Dunkin Donuts faces a very competitive environment within the coffee and snack industry. A major threat is other large competitors, including Starbucks Corporation,
Peet’s Coffee, and newer entrants like McDonald’s McCafe, with the most significant threat coming from Starbucks. While Dunkin Donuts, as of April 2011, owns 16.1% of the market, Starbucks has 32.6% of market sharexxiii. Although larger competitors and chains pose a bigger threat in terms of total profit loss, local cafés are definitely worth mentioning. A small café may be able to steal customers within a given area through cheap local advertising and word of mouth. These small stores may also be able to control quality more efficiently and have more agility in providing a product suited to local markets.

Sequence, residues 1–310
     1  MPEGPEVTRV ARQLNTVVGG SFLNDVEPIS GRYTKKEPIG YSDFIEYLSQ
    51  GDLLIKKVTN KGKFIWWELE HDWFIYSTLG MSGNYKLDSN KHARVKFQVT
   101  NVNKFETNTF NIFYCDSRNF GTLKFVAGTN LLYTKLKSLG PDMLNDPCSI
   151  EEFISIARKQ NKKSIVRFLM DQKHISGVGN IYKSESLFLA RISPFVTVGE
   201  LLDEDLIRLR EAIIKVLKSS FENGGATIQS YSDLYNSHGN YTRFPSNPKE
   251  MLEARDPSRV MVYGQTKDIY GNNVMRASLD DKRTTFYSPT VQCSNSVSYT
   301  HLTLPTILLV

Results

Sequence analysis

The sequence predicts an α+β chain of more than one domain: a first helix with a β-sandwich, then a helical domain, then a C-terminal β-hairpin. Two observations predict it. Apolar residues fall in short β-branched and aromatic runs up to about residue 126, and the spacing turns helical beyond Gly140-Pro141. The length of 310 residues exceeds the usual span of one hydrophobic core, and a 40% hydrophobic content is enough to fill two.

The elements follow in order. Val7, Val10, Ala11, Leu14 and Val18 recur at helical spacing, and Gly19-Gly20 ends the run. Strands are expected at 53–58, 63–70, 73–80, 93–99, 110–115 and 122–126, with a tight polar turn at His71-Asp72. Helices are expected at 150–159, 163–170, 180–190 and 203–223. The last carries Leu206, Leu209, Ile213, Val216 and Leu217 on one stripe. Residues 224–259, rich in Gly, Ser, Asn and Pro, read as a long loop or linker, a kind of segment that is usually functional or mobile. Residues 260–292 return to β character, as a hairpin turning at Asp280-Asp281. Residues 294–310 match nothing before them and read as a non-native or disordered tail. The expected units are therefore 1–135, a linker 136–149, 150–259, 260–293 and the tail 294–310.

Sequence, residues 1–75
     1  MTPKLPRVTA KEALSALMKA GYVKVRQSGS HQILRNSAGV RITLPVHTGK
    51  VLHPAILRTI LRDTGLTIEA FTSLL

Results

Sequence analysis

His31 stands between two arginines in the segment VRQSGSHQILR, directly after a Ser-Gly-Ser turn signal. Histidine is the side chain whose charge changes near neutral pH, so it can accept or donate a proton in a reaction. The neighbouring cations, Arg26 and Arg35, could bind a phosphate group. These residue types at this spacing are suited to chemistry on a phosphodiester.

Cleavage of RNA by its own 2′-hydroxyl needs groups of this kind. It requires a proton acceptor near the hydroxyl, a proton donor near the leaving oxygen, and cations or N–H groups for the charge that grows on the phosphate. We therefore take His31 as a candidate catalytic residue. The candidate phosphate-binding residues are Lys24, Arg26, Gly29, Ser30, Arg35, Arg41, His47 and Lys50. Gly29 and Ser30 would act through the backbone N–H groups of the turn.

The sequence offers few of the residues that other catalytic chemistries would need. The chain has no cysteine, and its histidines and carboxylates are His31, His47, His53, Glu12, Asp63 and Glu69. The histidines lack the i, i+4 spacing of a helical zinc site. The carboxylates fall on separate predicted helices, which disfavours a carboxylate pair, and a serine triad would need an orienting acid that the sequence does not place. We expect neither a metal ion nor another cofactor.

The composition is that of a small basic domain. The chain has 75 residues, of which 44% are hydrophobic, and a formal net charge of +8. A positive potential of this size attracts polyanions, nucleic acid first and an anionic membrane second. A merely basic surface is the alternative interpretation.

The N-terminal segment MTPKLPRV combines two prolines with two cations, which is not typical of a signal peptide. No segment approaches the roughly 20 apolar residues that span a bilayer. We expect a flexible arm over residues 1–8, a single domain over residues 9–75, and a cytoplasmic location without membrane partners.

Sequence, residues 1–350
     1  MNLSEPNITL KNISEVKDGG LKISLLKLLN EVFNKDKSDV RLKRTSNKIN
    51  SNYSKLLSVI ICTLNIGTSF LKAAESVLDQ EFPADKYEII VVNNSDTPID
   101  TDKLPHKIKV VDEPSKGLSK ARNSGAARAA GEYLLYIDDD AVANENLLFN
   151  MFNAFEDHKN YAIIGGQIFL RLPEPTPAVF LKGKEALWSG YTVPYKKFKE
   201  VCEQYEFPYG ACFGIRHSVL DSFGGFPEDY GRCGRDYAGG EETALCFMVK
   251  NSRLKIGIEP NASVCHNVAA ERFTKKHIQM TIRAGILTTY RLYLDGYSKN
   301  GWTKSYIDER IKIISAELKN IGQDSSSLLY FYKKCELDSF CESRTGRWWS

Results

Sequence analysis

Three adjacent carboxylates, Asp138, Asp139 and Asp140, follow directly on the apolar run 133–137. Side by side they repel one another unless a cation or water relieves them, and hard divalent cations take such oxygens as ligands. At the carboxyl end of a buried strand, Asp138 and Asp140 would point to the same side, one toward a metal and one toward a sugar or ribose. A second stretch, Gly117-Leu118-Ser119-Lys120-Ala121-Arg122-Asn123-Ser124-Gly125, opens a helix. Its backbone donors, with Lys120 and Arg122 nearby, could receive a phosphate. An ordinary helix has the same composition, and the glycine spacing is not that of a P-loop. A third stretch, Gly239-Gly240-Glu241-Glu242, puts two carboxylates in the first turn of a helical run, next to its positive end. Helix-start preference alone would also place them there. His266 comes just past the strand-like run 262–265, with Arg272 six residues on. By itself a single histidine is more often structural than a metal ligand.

Within the coffee and snack industry, rivals will be able to compete on product quality, service quality, and pricing. Product quality may vary based on the type of beans purchased, the best method of preparing coffee and food products, and the presentation of those products. While a company like Starbucks can more easily standardize processes and product quality, because of Dunkin Donuts’ choice to 22 franchise heavily, they may face a more difficult time presenting a standardized, quality product. This may be due to less adequate training practices or execution of training procedures across stores. Another method in which Starbucks or other rivals may compete on quality is through service and atmosphere. While Dunkin Donuts has historically provided a quick stop purchase experience, Starbucks provides an atmosphere in which customers are meant to feel comfortable enough to stay and relax or do work. This could lead to a more pleasant customer experience as well as repeat purchases within every visit by a customer, but may also contribute to higher costs and be outside of Dunkin Donuts’ strategy. The